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It takes two to tango with the social investment tax relief

With social investment recently hailed by the prime minster as ‘a great force for social change on the planet’ you’d be forgiven for thinking there was rather more of it going on.

Post byDoug Hull

Nonetheless, the deals do appear to be slowly catching up with the rhetoric – recent research suggests that social investment was up 22% to £202m in 2011/12, and several early guinea pigs have shown signs of success – reoffending is down at Peterborough Prison and Mencap’s £10m bond recently sold out sooner than anticipated. Following the launch of Big Society Capital, the Social Stock Exchange and Social Impact Bonds, the government’s latest initiative to catalyse social investment – a tax relief for investment by private individuals into social enterprises – has significant potential to increase the appeal of social enterprises to investors and bring investment into the charity sector. But will it live up to its potential?

  • Social enterprises often struggle to obtain repayable finance as a result of a lack of assets and an inability to issue shares. The relief aims to incentivise investment into social enterprises (defined in the consultation document as registered charities, Community Interest Companies and IPS ‘Bencoms’) by compensating investors for the increased risk of their investment.
  • The terms of the proposed relief are based largely on those in the Enterprise Investment Scheme and Venture Capital Trusts, which aim to incentivise private investment into small commercial enterprises. However, the stated policy aim here is ‘to complement other Government initiatives in encouraging private investment in social enterprise and helping it to become self-sustaining in the long term’.
  • Unlike Gift Aid, investee organisations would not receive any of the relief – all of this will go to the investor, offset from their income tax bill. The rate of relief has not been announced, but it is likely to be around 30%, so for a £10,000 investment, the investor could see their tax bill reduced by £3,000.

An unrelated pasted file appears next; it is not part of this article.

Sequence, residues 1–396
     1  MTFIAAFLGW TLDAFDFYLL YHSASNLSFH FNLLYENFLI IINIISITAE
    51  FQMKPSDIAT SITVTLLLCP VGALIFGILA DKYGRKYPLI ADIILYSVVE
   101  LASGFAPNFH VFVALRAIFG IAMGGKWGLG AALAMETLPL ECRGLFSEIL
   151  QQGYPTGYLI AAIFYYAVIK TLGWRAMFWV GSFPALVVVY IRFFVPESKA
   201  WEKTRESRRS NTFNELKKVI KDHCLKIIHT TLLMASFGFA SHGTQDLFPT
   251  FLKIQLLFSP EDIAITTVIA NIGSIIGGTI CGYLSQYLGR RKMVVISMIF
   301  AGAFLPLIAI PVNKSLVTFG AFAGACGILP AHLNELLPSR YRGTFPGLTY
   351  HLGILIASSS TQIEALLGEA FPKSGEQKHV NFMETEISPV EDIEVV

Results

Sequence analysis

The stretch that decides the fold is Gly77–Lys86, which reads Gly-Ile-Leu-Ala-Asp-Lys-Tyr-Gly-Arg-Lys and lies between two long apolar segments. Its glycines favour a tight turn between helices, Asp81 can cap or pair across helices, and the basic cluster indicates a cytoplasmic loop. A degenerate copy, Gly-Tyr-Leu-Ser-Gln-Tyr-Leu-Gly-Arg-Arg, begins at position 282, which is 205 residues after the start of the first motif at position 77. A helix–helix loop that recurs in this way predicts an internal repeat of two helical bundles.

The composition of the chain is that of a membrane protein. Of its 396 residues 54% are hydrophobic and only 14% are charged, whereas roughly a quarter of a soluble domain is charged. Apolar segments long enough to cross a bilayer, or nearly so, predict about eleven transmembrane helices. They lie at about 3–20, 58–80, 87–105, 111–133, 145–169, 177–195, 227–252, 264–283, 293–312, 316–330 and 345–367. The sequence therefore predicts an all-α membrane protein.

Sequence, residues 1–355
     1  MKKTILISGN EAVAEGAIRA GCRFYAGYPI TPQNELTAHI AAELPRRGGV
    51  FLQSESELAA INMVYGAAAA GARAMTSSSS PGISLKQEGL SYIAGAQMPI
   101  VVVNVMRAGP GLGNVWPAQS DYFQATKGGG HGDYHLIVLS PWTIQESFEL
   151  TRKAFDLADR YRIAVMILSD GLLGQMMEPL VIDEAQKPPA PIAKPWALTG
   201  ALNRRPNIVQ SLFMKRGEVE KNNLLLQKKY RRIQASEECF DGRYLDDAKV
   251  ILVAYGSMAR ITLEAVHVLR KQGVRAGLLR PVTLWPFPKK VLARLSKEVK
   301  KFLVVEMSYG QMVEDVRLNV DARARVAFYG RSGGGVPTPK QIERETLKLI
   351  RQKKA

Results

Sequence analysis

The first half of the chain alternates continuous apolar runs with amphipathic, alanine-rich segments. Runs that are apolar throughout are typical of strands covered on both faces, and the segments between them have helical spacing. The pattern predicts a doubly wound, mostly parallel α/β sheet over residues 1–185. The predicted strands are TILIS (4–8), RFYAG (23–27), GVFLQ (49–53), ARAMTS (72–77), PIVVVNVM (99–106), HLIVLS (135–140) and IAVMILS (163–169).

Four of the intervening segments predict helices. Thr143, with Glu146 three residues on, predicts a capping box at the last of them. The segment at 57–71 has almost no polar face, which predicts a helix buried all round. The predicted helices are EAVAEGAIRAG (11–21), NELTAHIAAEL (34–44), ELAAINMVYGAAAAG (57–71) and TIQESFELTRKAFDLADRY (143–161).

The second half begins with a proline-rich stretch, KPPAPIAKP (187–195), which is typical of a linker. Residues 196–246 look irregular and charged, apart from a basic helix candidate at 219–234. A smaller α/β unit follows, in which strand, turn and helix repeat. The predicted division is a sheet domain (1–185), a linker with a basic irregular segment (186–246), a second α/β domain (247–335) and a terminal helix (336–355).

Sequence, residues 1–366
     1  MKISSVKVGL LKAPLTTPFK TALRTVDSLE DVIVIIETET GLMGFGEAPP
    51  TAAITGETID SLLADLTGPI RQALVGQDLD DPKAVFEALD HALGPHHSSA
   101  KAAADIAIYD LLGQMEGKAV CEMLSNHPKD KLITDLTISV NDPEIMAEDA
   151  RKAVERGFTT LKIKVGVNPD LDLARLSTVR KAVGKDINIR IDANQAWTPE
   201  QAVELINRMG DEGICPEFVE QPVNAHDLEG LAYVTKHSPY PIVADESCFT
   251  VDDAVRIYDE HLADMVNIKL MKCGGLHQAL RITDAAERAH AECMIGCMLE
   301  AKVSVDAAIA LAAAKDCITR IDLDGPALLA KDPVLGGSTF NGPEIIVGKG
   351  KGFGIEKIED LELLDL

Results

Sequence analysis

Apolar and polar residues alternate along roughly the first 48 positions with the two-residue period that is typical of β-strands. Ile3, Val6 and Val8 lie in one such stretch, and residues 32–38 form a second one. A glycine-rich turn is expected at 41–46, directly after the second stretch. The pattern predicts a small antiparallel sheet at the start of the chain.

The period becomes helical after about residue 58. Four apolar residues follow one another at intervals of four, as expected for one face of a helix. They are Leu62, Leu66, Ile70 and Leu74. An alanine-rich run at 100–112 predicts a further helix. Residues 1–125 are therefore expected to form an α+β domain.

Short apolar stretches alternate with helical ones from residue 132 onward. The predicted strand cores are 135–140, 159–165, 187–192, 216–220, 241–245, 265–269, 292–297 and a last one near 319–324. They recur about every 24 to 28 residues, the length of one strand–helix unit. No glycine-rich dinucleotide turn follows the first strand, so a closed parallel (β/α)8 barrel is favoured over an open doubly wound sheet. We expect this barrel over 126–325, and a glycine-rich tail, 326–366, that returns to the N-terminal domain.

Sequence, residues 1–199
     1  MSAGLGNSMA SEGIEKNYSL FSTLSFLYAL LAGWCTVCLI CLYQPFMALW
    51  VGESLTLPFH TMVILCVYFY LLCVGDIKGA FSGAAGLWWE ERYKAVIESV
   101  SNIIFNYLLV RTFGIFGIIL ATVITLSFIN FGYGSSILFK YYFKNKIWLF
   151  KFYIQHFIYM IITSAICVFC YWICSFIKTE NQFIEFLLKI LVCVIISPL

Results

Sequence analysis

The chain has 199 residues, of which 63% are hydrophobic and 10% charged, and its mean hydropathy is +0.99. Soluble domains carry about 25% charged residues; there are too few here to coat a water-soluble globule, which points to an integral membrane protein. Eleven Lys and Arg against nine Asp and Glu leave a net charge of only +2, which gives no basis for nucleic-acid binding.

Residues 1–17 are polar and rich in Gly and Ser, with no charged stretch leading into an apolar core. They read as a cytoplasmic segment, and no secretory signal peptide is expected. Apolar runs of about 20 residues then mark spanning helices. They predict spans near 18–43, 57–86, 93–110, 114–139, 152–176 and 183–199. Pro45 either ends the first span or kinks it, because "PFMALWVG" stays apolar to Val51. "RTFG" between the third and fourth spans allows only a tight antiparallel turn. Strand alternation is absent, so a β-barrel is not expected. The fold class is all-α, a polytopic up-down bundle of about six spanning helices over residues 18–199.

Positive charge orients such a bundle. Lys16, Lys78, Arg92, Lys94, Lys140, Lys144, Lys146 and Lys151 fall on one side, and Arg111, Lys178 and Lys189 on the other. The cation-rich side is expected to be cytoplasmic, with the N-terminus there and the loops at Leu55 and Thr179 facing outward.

1. Only organisations with 250 employees or fewer may be eligible for the relief

It takes two to tango with social investment – an investor and an investee – and by excluding the 560 or so largest charities that fall outside this threshold, uptake of the relief is likely to be severely limited, regardless of how many well-meaning wealthy individuals may be queuing up to invest. Many large charities have relatively few assets and struggle to obtain mainstream loans, so could benefit significantly from social investment. What’s more, exploring social investment can be a costly business (to continue the metaphor above, a third wheel is typically required in the form of an advisor/intermediary), and it is large charities which are likely to have the resources to do this - excluding them would be a missed opportunity for the government to maximise the impact of the relief and stimulate the social investment market.

2. Only €200k of investment per organisation every three years may qualify for relief

Even medium sized charities, never mind the high street names, are likely to seek more investment than this, if they’re seeking investment at all, so we’re hoping to have this limit raised. The Scope, Mencap and Framework bonds have all been in the £10m-£20m range. The limit is due to EU State Aid rules, but the Enterprise Investment Scheme has an exemption – we’re lobbying for a similar exemption for this.

3. Could the tax relief hurt donations?

This is a tricky one, and gives rise to a whole range of questions about donor motivations. If a comparable tax relief was available there’s a worrying possibility that a high income donor may choose to switch their donation, on which the charity receives basic Gift Aid and the donor receives higher rate relief, to an investment availing of this relief, with either the same or a different charity. Switching would be particularly appealing if the rate of relief was higher for an investment than for a donation, which seems likely at this stage. Set the rate too low, though, and social investment may become less appealing than, for example, the Enterprise Investment Scheme, at 30%.

4. Clarification needed on rate of return, trading subsidiaries, accounting and more…

The consultation is complex and there are many other important areas we’ll be working with HMT to clarify over the coming months…

  • Will the thresholds apply to the group as a whole, or to a subsidiary?
  • Could a rate of return ‘dependent on financial performance’ of the organisation exclude a simple loan or bond, and what about a social return?
  • How do charities account for social investment (particularly pertinent in light of the current SORP consultation opened this week)?

Plenty of food for thought then, and we’d encourage all interested charities to get involved. Bearing in mind the usual caveat that social investment will work well for some, but is not for everyone, overall a tax relief for social investment is a welcome concept and it offers great potential to bring new funds into the charity sector.

Edited August 2018, consultation is now closed

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